Canadian natural gas exports to the United States are stabilizing at reduced levels after four lean years of decline, show trade records of the National Energy Board (NEB).
The latest NEB scorecard registers an improvement by recent standards. Canadian export volumes only changed marginally in the early part of the current heating season, and the direction was up.
Pipeline deliveries to the United States in November and December of 2010, the first two months of the traditional gas contract year tracked by the NEB, rose by 0.8% to 571 Bcf from 566 Bcf for the same period of 2009.
That was the first time the export volume numbers for the early heating season period were even slightly positive since the onset of the prolonged global economic and financial contraction. NEB records began showing a decline in Canadian gas exports during the spring of 2008, reversing an unbroken string of increases stretching back to the mid-1980s.
Since 2007, when Canadian November-December pipeline deliveries into the United States were 680 Bcf, the early heating season traffic has shrunk by 109 Bcf or 16%.
The value of the trade continues to shrink.
The average price fetched by Canadian gas at the international border dropped by 15% to US$4.19/MMBtu in November-December 2010 from US$4.92/MMBtu a year earlier. The early heating season price of Canadian gas exports has plunged by 43% from US$7.31/MMBtu in 2007.
The combination of slipping sales volumes and dropping prices has gutted Canadian gas trade revenues. The November-December 2010 total received for exports, US$2.4 billion, was down by 20% from US$2.8 billion a year earlier and 52% below the US$5 billion that Canadian exporters took home in the last two months of 2007.
The trend in the international gas trade, which absorbs more than half of Canadian production, also continues to drive an about-face in field supply activity.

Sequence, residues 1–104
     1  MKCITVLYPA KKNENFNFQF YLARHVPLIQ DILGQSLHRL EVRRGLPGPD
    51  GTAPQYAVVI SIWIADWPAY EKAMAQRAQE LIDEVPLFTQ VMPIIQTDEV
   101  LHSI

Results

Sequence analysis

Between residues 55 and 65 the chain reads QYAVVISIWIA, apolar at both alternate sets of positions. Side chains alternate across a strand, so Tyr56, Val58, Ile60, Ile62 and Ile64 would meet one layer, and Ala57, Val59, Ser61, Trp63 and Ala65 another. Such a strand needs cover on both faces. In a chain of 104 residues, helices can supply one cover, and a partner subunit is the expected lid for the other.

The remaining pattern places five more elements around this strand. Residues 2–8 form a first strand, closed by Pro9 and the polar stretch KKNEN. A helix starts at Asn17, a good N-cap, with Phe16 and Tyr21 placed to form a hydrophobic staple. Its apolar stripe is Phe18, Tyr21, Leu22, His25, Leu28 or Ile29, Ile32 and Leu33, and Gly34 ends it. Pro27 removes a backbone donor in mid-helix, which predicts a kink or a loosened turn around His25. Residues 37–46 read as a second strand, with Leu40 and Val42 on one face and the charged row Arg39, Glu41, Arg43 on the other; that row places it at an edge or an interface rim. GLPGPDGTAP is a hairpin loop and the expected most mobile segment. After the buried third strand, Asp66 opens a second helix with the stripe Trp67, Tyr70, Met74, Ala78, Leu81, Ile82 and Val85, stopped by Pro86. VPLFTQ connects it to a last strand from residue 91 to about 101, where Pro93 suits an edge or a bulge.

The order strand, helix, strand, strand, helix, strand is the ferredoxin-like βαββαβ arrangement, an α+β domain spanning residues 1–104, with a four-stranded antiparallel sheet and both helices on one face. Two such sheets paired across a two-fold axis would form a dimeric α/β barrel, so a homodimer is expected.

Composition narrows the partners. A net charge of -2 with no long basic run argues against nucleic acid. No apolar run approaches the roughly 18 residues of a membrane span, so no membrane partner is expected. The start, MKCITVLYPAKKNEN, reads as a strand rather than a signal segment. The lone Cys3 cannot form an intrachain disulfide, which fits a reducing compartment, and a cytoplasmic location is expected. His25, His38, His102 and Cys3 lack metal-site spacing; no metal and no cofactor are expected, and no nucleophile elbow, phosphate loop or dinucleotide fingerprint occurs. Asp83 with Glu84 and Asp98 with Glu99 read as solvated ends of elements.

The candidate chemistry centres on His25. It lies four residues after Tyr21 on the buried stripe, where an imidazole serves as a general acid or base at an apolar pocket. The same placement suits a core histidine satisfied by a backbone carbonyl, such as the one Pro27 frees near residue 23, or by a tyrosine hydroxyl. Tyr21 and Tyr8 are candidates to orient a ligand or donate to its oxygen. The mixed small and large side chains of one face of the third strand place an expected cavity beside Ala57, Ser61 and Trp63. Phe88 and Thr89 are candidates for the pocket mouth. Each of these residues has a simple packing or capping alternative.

As of March 24, the number of drilling rigs at work in Canada has nearly doubled to 481 compared with 250 at the same time last year. But gas is the target for only one-third of the wells compared to 52% during the first week of spring in 2010, estimates FirstEnergy Capital Corp., which makes a specialty of tracking the trends in detail.
Oil, currently worth about four times as much as gas on the industry's energy-equivalence scale, is increasingly dominating Canadian drilling for the first time in about 20 years. "Tight oil," in dense geological formations previously rated as beyond economic reach, is being tapped by Canadian adaptations of horizontal wells and aggressive rock-fracturing fluid injections developed for shale gas in the United States.
Even the rigs probing for gas are understood to be aimed at deposits known to be soaked in oily vapors that readily extracted as liquids such as condensate, also known as natural gasoline in Canada, or lighter but still wet byproducts like propane, butane and ethane. Demand for gas byproducts is especially strong in Alberta, where they fetch premium prices as "diluent" or thinner for pipeline transportation of molasses-like bitumen from the oilsands.
The trends are drying up Canada's share in the North American gas glut, indicate FirstEnergy's counts. The stockpile backed up in storage is shrinking. "We will exit the 2010-11 withdrawal season in a far better position than we expected," the firm predicts. "At present total inventories [about 280 Bcf) are 32% or 135 Bcf below last year's level."
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